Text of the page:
When Street Preaching Goes Too Far; Court Fines Preachers.


Last week I picked up on a story about a group of street preachers who were arrested after preaching in a Bristol shopping area (1). The preachers, it has been said, explained the difference between Islam and Christianity, spoke of God’s love, and the uniqueness of Jesus Christ. Although that sounds all good and well, on the other hand, the court heard that Overd had called the crowd depraved and ignorant (2). He also said Muhammad and Buddha were both liars and thieves, while he also described extra-marital sex and homosexuals as filthy, depraved and perverted (3). Stockwell also allegedly told the crowd that Allah was the “greatest deceiver” and included homosexuality on a list of things including thieves or drunkards (4); he also told the crowd other religions were thieves who came to steal. The crowd, of between 50 and 100 people, had been worked up even though Overd and co. were fully aware of the impact their preaching was having on their audience and the resulting tension it was causing (5). None of this, I’ve thus far found after engaging several Christian news sources, has been mentioned which suggest to me that the Christian news reporting is only giving half of the story.

But though many Christians will disagree with me I must admit disappointment in Overd and his fellow preachers. I think there is a way to convey the good news of Jesus Christ in a way that won’t cause a riot or public street brawl. I am open about critiquing Islam and the Prophet Muhammad, Christianity (specifically certain strands of Christianity), atheism, other beliefs, and I also don’t support homosexuality. But it would just be entirely wrong, and insensitive, of me to stand in the middle of a busy street with a microphone in hand bashing the beliefs of other people while fully aware that what I am doing could result in public violence. To do so would be highly irresponsible and needs to be avoided, and I thank the authorities for removing Overd and co. from potentially causing further harm to others, and others to them. This is not to say that we Christians should avoid the public square. Far from it.

In my Public Theological studies last year we learnt of ways, as well as engaged practical examples, of how Christians have taken to the public square in effective ways. Many of these were well planned and executed, and left a lasting impact. For example, we learned that one Australian pastor, and a few others, walked into a PM’s office over a certain injustice against refugee children. There in the PM’s office they prayed for a few hours over the grievance after which they were arrested for trespassing. The pastor did not fight, seek to deliberately offend, or resist arrest. They simply stood there and were later taken away. He was also put into jail for a short time. There was a big difference in that demonstration to what we find in Overd’s case. The Australian pastor made news headlines all over the country and the world, and even found himself in the ‘resource’ section of my theological studies. This pastor, and those with him, stood in as a worthy example of God’s love, resistance to injustices, willingness to prevent enraging others, avoid violence, and gracefully receive the punishment given to him. He is, at least to me and many other Christians, seen as an excellent example of taking grievances and one’s religious convictions to the public sphere. But how do I see Overd? I see him as a repeat offender (this is his third appearance in court for similar offences (6)), and one who lacks discernment when it comes to spreading the Gospel message. Sure, he may be on fire to spread the Gospel as God would want him to do, but he’s certainly not doing so in a way that is conducive to winning over souls. Instead, though he should know better, he has deliberately offended many and has certainly isolated a good few from being receptive to the Gospel.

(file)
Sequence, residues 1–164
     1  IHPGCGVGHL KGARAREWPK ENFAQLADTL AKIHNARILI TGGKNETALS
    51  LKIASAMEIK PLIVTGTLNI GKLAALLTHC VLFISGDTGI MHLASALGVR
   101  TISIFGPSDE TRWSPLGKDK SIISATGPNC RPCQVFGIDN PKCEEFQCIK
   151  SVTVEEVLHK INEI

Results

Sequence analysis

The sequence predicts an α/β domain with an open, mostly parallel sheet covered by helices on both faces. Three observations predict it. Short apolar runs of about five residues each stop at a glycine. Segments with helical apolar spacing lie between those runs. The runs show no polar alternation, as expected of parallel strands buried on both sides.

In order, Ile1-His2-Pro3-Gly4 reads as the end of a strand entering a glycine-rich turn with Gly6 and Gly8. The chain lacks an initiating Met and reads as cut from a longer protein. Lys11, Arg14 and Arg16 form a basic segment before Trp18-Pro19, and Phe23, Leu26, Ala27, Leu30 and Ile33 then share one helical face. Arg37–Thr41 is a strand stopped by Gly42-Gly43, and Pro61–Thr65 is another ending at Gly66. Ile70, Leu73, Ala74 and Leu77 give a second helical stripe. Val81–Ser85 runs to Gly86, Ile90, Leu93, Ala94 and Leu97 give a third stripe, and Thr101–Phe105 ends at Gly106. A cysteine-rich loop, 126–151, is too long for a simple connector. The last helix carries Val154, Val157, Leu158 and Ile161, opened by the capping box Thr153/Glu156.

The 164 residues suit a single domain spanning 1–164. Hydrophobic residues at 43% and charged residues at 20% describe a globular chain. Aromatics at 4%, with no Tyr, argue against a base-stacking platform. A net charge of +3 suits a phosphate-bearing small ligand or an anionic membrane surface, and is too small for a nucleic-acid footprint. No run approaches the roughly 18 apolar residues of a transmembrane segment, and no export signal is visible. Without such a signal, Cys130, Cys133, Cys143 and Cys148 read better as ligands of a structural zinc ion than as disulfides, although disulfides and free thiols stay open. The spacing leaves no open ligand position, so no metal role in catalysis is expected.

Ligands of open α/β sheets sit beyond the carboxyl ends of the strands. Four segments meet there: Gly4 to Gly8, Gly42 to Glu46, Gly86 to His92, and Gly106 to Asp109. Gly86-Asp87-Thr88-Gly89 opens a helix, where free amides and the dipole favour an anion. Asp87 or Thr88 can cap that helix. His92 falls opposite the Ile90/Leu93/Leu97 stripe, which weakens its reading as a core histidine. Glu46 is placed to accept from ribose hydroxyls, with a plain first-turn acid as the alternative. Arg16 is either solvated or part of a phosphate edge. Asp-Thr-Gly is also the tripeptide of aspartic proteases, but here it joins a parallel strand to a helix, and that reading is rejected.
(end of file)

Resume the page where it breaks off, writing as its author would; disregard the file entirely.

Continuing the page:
It is also true that when it comes to religious matters people are naturally quite sensitive. Many are also sensitive over matters of homosexuality, abortion, and other concerns. But, knowing all this, all the more the need to exercise sensitivity in reaching out to others in our contemporary setting. That is after all just plain old common sense. The group were each given a £300 fine, as well as ordered to pay a £30 victim surcharge and prosecution costs of £3,372 each, totalling £2,016 each (7).


1.  Christian Concern. 2017. Christian Preachers Stand Trial in Bristol. Available.

2. Bristol Post. 2017. Christian street preachers found guilty of abusing Bristol shoppers and causing angry scenes. Available.

3. Bristol Post. 2017. Ibid.

4. Bristol Post. 2017. Ibid.

5. Bristol Post. 2017. Ibid.

6. Christian Concern. 2014. Street Preacher To Be Prosecuted For Comparing the Lives of Jesus and Muhammad. Available.

7. Bristol Post. 2017.


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